Secular Woman gained some negative attention recently for their refusal to sign on to the open letter to the secular community on incivility. In reading their rationale for this decision, I understand that they did what they thought was in their organization's best interests, but I believe it was a mistake. It made them look like they were placing a dogmatic ideology ahead of secularism, and I imagine this will alienate many who might otherwise support them. Secular Woman is making news again with their new Abort Theocracy campaign, and the early reactions have not been particularly positive.
Hemant Mehta (Friendly Atheist) was one of the first to criticize the new campaign. While he acknowledged that the ideas behind the effort are worthwhile (i.e., drawing attention to legislation that harms women), he objected to the terms used.
But the metaphor of treating that legislation as something to be “aborted,” or to be “terminated,” just doesn’t make sense to me.I see Hemant's point, including his objections to the abortion terminology and to the use of "theocracy." He raises some good questions about whether the nature of the campaign might actually hinder the underlying goal.
We celebrate defeating those awful bills; we don’t celebrate abortions.
Those bills are meticulously-planned and written. Pregnancies don’t always work that way.
For most women, an abortion is not something they aspire to have — they’re usually a necessity or the result of serious deliberation; the anti-abortion bills, however, are written by politicians who championed their ability to limit women’s rights.
West Coast Atheist echoed Hemant's criticisms, adding:
Naming a campaign like this after a popular women’s rights issue might seem like a good idea, but the way they are using it, it seems like it was written by people who have no idea what it’s like for women facing that issue…For anyone who has had to come face to face with the choice between abortion or an unwanted pregnancy, this kind of blatant exploitation of the issue is a slap in the face.The notion that the campaign might strike some women as exploitative had not occurred to me, but I can see how some would interpret it this way. That could certainly be a problem.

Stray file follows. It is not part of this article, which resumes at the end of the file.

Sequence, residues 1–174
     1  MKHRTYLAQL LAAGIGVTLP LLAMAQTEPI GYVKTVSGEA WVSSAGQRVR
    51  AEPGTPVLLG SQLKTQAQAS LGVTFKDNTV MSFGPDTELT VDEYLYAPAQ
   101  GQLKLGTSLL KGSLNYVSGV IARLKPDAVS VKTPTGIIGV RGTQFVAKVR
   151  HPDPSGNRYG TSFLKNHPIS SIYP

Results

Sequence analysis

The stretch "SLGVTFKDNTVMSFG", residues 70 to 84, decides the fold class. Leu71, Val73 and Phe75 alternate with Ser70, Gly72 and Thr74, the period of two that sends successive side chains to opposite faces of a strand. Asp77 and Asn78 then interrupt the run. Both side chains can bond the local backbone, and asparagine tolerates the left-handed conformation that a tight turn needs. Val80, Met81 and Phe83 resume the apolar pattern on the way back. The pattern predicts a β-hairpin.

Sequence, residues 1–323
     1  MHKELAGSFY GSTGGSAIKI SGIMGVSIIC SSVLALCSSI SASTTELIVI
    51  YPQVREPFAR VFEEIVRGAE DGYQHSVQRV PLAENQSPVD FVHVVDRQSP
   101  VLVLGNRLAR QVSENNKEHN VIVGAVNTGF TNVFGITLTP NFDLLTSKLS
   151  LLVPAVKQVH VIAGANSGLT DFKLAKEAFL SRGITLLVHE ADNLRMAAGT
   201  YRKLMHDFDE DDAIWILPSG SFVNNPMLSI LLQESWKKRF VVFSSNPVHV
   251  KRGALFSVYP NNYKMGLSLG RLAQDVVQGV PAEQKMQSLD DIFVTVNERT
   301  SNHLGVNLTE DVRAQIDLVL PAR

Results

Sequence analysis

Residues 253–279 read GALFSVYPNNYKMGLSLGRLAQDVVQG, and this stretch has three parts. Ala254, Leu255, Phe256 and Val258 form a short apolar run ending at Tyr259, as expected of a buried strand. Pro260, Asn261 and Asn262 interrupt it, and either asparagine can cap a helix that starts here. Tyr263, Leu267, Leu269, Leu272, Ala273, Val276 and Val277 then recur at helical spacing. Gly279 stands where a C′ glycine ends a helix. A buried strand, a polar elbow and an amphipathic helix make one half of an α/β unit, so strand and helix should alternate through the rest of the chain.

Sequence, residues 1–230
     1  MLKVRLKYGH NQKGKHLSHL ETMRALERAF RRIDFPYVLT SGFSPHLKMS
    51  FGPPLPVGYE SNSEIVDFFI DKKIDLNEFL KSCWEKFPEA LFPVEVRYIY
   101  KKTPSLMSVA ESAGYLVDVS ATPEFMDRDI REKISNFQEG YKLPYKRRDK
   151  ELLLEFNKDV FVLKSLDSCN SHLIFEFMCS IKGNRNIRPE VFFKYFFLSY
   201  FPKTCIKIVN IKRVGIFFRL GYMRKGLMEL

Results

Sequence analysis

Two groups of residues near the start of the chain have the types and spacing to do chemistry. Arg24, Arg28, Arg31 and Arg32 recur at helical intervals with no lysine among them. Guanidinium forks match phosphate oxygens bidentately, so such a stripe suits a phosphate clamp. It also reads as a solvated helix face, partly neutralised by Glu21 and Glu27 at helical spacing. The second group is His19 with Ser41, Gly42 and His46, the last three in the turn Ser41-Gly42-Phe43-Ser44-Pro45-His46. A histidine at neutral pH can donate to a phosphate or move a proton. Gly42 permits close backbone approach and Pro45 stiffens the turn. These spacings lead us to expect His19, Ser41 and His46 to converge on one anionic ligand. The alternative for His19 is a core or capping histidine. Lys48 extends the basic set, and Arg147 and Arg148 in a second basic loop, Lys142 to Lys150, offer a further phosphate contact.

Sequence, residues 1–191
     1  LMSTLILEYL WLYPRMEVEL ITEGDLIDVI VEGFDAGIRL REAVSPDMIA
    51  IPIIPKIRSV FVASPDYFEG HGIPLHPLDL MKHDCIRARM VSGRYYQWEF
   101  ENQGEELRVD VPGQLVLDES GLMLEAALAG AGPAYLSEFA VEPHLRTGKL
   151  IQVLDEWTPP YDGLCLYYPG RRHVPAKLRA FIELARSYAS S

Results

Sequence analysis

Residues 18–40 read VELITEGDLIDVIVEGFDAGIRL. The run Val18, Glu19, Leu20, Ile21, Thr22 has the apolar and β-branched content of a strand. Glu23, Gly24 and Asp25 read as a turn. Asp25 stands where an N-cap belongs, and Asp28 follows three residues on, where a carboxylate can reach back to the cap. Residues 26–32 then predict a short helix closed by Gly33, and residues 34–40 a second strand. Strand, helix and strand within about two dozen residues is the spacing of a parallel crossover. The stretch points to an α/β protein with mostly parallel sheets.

My initial reaction to the campaign was more positive. I found myself kind of liking the in-your-face language even though I think Hemant is right about it being a bit hyperbolic. I think that may even be what I like about it. It seems harder to wake people up and get their attention these days. Maybe this campaign will grab people's attention and get them to think about the important issue of how we all suffer when the Christian majority is allowed to legislate its version of morality.
Having said that, it would be a mistake to expect me to throw my support behind Secular Woman anytime soon. They lost me when they decided that their preferred definition of feminism is "a given, and not a topic for debate." Far too often, I have observed how this sentiment closes down healthy, rational discussions about gender and feminism. I do not believe this is how the atheist/freethought/secular community is supposed to operate, and I find that it actually does more harm than good to feminism. While I respect and agree with their lack of desire to expose themselves to what they consider sexist viewpoints, I reject the implication that their decisions about what is sexist and what is not are beyond question.
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